When the arts are raised in the context of the recession, the discussion usually hits two extremes -- "saving" them, or slashing their funding -- neither of which is as compelling to explore as the arts themselves. If art, as Tom Stoppard once said, "provides the moral matrix from which we draw our values," it also provides other, more tangible matrices -- the creative and technological -- that determine how we live our lives.
With this in mind, we're launching an occasional HuffPost Culture series, "The Recessionary Arts," which over the next two months will explore how the recession is reshaping our nation's cultural state, and what this means for artists, consumers and the future of the arts. The instruments we play, the novels we read and the images we fetishize are just a few parts that are shifting amidst new economic realities.
We'll explore trends that have emerged during this time -- for one, our culture's renewed obsession with the past. Film remakes and theater revivals abound, as more mainstream forms of entertainment rely on the "safe bet." In a culture afraid to take risks, recreating something that is already audience-approved is less of a gamble than spending millions on an untested idea.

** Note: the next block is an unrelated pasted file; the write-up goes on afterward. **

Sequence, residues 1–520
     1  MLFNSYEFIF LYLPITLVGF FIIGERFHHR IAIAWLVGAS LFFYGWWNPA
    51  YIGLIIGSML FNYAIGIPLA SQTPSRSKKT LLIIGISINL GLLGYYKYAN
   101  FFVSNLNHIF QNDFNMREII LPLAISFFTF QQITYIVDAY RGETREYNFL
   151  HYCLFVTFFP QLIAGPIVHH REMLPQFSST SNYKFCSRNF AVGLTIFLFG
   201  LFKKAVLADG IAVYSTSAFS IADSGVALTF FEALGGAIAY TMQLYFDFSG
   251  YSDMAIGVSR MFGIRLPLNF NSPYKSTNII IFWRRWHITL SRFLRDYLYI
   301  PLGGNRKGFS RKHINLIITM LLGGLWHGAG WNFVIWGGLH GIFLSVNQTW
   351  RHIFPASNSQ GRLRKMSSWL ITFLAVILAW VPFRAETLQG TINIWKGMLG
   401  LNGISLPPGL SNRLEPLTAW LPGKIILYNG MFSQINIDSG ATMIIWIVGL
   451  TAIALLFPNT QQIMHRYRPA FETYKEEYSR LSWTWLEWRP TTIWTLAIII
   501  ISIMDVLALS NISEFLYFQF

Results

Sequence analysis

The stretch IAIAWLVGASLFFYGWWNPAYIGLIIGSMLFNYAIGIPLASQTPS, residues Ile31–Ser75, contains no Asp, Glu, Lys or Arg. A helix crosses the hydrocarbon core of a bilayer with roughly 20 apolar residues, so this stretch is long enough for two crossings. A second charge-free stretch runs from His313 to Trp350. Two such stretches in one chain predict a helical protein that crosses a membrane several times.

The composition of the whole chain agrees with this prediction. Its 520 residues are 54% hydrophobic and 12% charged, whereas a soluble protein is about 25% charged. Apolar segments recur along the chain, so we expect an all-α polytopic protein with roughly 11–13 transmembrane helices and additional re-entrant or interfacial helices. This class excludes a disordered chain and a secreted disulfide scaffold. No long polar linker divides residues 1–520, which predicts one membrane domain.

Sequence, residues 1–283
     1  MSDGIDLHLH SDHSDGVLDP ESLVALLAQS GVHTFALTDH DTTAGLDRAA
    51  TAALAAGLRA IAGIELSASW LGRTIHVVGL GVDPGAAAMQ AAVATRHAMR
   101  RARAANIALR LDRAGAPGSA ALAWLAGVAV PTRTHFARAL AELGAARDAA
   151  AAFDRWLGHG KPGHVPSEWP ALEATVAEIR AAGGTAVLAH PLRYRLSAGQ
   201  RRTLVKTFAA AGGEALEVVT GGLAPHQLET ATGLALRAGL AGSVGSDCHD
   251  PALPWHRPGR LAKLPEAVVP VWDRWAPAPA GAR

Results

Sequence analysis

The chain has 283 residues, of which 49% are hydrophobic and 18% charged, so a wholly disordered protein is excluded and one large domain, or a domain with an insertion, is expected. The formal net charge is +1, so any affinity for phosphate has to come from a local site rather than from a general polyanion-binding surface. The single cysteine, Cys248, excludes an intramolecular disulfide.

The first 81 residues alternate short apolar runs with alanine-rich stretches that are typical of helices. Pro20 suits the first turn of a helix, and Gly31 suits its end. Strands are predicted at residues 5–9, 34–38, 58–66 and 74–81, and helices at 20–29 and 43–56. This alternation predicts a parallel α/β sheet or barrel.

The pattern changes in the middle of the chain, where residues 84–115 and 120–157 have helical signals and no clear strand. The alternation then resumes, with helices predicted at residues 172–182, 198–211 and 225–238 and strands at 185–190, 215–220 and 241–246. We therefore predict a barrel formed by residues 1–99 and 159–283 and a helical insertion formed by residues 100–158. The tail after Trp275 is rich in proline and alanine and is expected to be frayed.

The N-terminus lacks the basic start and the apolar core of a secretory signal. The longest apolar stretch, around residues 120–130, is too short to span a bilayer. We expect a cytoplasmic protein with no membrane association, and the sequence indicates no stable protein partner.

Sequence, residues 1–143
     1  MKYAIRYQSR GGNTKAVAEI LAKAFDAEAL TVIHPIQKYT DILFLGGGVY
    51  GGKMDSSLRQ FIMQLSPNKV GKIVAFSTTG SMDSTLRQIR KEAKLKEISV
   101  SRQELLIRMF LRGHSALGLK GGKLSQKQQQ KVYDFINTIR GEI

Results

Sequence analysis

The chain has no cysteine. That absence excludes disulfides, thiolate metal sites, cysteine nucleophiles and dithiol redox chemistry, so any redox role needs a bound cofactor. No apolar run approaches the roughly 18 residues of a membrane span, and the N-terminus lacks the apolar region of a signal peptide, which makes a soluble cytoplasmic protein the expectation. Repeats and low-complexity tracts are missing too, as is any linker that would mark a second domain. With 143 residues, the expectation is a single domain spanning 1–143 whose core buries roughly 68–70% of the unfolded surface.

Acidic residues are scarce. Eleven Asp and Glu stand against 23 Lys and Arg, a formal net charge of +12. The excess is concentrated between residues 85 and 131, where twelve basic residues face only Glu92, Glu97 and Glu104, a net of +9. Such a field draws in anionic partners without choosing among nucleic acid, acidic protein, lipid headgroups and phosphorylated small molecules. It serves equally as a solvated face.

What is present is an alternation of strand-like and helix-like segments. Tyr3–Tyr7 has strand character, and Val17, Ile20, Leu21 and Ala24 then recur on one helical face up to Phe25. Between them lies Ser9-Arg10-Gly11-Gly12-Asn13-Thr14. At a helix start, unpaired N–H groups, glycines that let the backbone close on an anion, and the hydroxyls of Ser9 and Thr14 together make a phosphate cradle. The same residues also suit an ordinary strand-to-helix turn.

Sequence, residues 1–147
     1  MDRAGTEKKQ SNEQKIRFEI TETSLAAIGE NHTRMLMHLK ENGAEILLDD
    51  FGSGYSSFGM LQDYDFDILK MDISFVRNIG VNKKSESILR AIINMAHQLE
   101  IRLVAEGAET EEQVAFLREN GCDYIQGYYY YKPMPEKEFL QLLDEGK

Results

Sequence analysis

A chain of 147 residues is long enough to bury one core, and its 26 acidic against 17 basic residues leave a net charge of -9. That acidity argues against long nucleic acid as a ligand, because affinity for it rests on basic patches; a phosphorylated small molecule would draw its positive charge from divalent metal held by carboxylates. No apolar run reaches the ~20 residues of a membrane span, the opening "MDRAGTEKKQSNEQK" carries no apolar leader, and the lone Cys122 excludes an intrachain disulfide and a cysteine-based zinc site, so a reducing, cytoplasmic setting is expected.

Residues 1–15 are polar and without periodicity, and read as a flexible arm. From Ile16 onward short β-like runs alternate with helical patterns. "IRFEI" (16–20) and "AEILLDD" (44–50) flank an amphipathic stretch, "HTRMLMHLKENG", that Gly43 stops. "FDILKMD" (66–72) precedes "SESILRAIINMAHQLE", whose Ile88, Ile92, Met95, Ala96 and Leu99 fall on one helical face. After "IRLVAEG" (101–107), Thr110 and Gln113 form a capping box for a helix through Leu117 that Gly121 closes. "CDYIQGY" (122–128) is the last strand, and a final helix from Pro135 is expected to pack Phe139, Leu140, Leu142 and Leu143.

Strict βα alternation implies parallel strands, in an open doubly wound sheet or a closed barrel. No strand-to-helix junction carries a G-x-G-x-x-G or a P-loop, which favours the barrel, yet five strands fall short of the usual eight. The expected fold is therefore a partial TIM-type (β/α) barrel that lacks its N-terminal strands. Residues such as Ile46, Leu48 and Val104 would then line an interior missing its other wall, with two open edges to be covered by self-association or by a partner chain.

This is not to say we're only churning out recycled material. The counterpoint is what's bubbling underneath -- a push for innovation, nudged along by the technological advances that have coincided with the recession.
Realizing that old ways of business alone aren't going to cut it, arts institutions are looking to adapt across all sectors -- from TV shows taking to the web to operas running in movie theaters. Will our future cultural pastimes take place not in theaters or opera houses, but on couches, in front of our computer screens?
There's also the simple fact that there are more artists than ever in today's workforce. Funding doesn't come easy, and artists have more of an incentive to prove their ideas are worth the investment, taking risks they might not have if the stakes were lower. In our first piece in this series, culture reporter Lucas Kavner shares some compelling stories of artists who are acting anew in a tough economy.
The goal here isn't to decide whether the arts should be "saved" or if they're even worth our time -- they should be, and they are. With "The Recessionary Arts," we hope to encourage readers to become involved in the conversation of where we are, and what our new social matrices will look like.
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